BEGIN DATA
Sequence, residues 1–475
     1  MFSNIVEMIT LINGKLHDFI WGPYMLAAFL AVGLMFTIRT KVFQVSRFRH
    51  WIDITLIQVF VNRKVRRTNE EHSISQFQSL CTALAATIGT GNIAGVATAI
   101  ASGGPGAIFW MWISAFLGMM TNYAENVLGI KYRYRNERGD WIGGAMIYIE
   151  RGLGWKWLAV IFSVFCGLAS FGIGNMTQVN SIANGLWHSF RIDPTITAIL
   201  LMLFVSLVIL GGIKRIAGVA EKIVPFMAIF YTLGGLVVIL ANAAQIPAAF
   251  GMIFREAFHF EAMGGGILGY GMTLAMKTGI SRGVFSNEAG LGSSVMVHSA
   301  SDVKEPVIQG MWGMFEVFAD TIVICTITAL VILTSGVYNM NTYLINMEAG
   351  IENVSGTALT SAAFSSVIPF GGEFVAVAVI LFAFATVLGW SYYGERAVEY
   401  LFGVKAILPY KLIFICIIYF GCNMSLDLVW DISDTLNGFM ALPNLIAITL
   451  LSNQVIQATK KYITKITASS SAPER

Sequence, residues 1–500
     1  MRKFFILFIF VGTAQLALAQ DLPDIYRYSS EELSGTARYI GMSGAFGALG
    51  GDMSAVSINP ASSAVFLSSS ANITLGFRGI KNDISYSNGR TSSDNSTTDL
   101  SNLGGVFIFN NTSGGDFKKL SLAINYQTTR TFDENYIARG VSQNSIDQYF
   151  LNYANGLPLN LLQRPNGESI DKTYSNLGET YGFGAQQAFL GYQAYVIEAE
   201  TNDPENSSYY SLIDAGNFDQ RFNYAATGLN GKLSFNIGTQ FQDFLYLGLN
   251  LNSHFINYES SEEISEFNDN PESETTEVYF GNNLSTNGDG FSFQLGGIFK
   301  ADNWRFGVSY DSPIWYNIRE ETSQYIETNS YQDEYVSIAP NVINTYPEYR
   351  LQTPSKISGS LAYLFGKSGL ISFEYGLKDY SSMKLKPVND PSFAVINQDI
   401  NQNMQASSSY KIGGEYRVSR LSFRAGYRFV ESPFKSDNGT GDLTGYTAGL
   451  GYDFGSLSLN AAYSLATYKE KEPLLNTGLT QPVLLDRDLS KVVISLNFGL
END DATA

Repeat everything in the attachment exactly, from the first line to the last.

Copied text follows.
Sequence, residues 1–475
     1  MFSNIVEMIT LINGKLHDFI WGPYMLAAFL AVGLMFTIRT KVFQVSRFRH
    51  WIDITLIQVF VNRKVRRTNE EHSISQFQSL CTALAATIGT GNIAGVATAI
   101  ASGGPGAIFW MWISAFLGMM TNYAENVLGI KYRYRNERGD WIGGAMIYIE
   151  RGLGWKWLAV IFSVFCGLAS FGIGNMTQVN SIANGLWHSF RIDPTITAIL
   201  LMLFVSLVIL GGIKRIAGVA EKIVPFMAIF YTLGGLVVIL ANAAQIPAAF
   251  GMIFREAFHF EAMGGGILGY GMTLAMKTGI SRGVFSNEAG LGSSVMVHSA
   301  SDVKEPVIQG MWGMFEVFAD TIVICTITAL VILTSGVYNM NTYLINMEAG
   351  IENVSGTALT SAAFSSVIPF GGEFVAVAVI LFAFATVLGW SYYGERAVEY
   401  LFGVKAILPY KLIFICIIYF GCNMSLDLVW DISDTLNGFM ALPNLIAITL
   451  LSNQVIQATK KYITKITASS SAPER

Sequence, residues 1–500
     1  MRKFFILFIF VGTAQLALAQ DLPDIYRYSS EELSGTARYI GMSGAFGALG
    51  GDMSAVSINP ASSAVFLSSS ANITLGFRGI KNDISYSNGR TSSDNSTTDL
   101  SNLGGVFIFN NTSGGDFKKL SLAINYQTTR TFDENYIARG VSQNSIDQYF
   151  LNYANGLPLN LLQRPNGESI DKTYSNLGET YGFGAQQAFL GYQAYVIEAE
   201  TNDPENSSYY SLIDAGNFDQ RFNYAATGLN GKLSFNIGTQ FQDFLYLGLN
   251  LNSHFINYES SEEISEFNDN PESETTEVYF GNNLSTNGDG FSFQLGGIFK
   301  ADNWRFGVSY DSPIWYNIRE ETSQYIETNS YQDEYVSIAP NVINTYPEYR
   351  LQTPSKISGS LAYLFGKSGL ISFEYGLKDY SSMKLKPVND PSFAVINQDI
   401  NQNMQASSSY KIGGEYRVSR LSFRAGYRFV ESPFKSDNGT GDLTGYTAGL
   451  GYDFGSLSLN AAYSLATYKE KEPLLNTGLT QPVLLDRDLS KVVISLNFGL